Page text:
At the same time, the EO directed employers of tipped workers that they were to be paid at least $4.90 per hour, effective January 1, 2015. The full amount to be paid tipped workers includes tips combined with the $4.90, the total of which must rise to the $10.10 per hour minimum wage level. Stepwise increases were ordered for successive years. Hopefully, this sets a standard to be emulated – or even exceeded – in the private sector where the tipped minimum wage has remained for more than 20 years at $2.13! Since women comprise the majority of tipped workers this inhumanely-low wage has been a big factor in perpetuating women’s poverty.

LGBTQIA Persons Protected from Discrimination – In July, 2014, a two-part executive order was issued expanding protections for LGBTQIA federal workers and prohibiting contractors and subcontractors from discriminating against employees based on their sexual orientation or gender identity. In signing the EO, Obama said, “in too many states and in too many workplaces, simply being gay, lesbian, bisexual or transgender can still be a fireable offense. So I firmly believe that it’s time to address this injustice for every American.”

Gay-rights groups had campaigned for this action ever since Obama campaigned on the issue in 2008. A 2012 survey of LGBT adults by the Pew Research Center found that 21 percent report facing workplace discrimination.

The order does contain a provision from a 2002 executive order signed by President George W. Bush that exempts religious organizations that discriminate based on religious beliefs. (More information at )

No Sex Discrimination in Health Care – On September 3rd, the Department of Health and Human Services issued a proposed rule to implement section 1557 of the Affordable Care Act (ACA), a key provision that broadly prohibits discrimination in health care programs by any health programs that receive federal funding. This provision of the ACA was intended to prohibit health insurance companies from unfairly charging women higher premium rates for the same or comparable level of services than rates for men. Additionally, insurance companies excluded maternity care in their plans. The prohibition could also assure that women are adequately represented in medical research trials and women doctors are paid equally. The rule would also prohibit denial of care for LGBTQIA individuals. Public comments on this proposed rule are due in early November.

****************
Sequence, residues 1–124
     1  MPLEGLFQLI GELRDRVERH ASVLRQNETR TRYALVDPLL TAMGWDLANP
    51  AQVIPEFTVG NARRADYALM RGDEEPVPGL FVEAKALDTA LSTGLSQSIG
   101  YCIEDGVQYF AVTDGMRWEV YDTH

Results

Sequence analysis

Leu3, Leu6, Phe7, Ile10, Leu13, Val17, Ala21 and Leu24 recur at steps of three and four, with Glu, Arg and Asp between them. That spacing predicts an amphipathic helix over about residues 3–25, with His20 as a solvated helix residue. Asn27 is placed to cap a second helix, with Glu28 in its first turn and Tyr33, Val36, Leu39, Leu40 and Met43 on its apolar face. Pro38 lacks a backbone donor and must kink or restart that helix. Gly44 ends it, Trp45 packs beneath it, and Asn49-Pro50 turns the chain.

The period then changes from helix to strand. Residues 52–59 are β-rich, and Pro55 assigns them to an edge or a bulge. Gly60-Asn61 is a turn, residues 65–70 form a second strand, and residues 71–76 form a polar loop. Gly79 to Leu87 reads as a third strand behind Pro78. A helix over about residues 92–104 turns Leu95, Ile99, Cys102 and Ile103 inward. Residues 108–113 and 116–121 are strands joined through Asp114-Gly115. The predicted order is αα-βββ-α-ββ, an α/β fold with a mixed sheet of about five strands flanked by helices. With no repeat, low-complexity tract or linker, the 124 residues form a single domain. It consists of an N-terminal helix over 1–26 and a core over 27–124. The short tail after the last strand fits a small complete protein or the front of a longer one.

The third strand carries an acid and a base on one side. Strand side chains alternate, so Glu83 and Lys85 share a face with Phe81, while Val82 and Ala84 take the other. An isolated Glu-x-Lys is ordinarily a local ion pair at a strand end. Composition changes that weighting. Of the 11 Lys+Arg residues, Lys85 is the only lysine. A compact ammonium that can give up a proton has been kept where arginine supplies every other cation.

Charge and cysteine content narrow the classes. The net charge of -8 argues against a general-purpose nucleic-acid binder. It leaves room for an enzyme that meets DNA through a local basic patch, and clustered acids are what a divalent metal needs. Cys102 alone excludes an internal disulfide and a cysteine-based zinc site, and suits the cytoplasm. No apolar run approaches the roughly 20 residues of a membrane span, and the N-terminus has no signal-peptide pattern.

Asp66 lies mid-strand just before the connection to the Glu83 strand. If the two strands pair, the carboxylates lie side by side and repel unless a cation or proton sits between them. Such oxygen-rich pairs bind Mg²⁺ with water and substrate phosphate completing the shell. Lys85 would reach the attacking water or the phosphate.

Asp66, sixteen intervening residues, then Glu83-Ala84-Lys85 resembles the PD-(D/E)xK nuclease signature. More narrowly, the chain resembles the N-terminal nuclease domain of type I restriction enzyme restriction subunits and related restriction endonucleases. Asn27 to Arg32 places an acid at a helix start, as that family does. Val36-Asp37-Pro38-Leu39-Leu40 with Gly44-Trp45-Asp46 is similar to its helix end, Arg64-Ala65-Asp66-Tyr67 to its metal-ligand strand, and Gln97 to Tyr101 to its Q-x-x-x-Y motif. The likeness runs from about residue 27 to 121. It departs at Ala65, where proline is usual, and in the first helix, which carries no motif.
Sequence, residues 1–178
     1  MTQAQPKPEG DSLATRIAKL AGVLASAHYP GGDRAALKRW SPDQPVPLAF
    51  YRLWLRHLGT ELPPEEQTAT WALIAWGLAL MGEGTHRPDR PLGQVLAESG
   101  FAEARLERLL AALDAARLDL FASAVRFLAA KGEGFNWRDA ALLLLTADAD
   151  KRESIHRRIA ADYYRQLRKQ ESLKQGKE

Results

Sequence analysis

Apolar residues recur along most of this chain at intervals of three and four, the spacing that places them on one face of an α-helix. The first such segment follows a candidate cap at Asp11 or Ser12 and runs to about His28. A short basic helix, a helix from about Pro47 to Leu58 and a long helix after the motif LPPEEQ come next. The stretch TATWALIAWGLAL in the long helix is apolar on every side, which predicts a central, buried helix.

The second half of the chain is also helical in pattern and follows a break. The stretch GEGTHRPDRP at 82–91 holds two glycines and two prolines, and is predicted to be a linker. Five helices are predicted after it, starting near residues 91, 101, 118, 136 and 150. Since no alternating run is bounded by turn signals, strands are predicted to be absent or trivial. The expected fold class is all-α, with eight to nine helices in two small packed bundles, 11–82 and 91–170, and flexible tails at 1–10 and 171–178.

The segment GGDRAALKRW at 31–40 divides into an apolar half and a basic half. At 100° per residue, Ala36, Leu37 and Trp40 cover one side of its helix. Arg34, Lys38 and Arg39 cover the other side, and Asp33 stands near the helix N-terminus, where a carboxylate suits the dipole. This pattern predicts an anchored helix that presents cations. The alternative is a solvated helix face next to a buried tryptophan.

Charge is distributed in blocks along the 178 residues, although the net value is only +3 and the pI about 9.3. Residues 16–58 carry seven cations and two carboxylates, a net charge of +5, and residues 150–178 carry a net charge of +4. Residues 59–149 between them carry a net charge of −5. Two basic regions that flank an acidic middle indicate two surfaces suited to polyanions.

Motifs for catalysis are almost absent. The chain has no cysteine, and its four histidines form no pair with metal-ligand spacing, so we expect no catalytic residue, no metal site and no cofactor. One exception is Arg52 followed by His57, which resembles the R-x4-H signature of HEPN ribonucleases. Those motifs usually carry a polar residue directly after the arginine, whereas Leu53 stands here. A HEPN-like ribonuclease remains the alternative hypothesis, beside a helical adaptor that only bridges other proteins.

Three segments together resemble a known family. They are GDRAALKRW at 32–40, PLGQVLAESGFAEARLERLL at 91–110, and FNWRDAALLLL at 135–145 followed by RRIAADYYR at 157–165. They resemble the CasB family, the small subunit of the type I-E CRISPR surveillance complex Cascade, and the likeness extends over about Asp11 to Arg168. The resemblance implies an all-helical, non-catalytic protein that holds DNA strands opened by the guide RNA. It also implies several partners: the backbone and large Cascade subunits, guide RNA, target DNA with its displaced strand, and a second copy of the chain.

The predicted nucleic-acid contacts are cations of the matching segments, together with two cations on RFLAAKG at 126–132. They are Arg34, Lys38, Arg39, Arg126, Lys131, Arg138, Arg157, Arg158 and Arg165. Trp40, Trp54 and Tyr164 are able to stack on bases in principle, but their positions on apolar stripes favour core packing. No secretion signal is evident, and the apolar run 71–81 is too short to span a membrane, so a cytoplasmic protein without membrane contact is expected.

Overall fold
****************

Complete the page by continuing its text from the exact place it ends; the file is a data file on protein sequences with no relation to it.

Two Million Home Health Care Workers Covered Under FLSA – Another job sector where women employees predominate and suffer from poor labor protections is home health aides. Over 90 percent of home health aides are women; more than half are women of color. Yet these hardworking women who provide a vital service to millions of elderly individuals and persons with disabilities often do not receive even a minimum wage or have basic overtime protections. In fact, a quarter of all home health aides are paid less than minimum wage, despite the fact that third party companies typically charge roughly $20 per hour for this service (profit margins in the industry are routinely 30-40 percent). Home care work is incredibly undervalued. Its roots in slavery and its continued devaluation as “women’s work,” and especially the work of women of color, contribute to its underpaid status.

In 1974, the Fair Labor Standards Act (FLSA) was expanded to provide coverage to domestic workers in private homes, a major breakthrough in ensuring women’s equality and financial stability. But the “companion exemption,” which was meant to exclude casual babysitters and the like, created a loophole that the Department of Labor broadly interpreted in 1975 to include home care workers working for third-party companies.

In fact, this interpretation of the new provisions in the FLSA now robbed many home health care workers that had previously been covered by its protections. Home health care companies have continued to exploit this loophole to the present day, enriching managers, company owners and shareholders – at the expense of some of the lowest paid workers in the U.S.

In 2011, President Obama announced his support for a revised interpretation by the Department of Labor that would ultimately extend FLSA coverage to most home health aides, about two million workers in total. After nearly two years of delay, the final rule was published in 2013. The change was not to be put into effect for 15 months and was given another six-month non-enforcement period, ostensibly to allow an industry that went unregulated for decades, time to prepare.

The new law was set to take effect on January 1, 2015, but has since been delayed by legal challenges, most recently at the D.C. Circuit Court of Appeals (which ruled in favor of the law).

The D.C. Circuit rejected arguments that the new regulation would make home care less affordable and create an incentive to re-institutionalize the elderly and persons with disabilities. The Court relied on a lack of evidence that this had occurred in states that already had minimum wage and overtime protections for third-party employed home health care workers. (See )

It is unclear whether the law will be appealed further, which, if granted Cert to be reviewed by the Supreme Court, would effectively put the regulation on hold until at least the summer of 2016. If it is not appealed, we may see fair wages and other labor protections for home health aides in the near future – finally!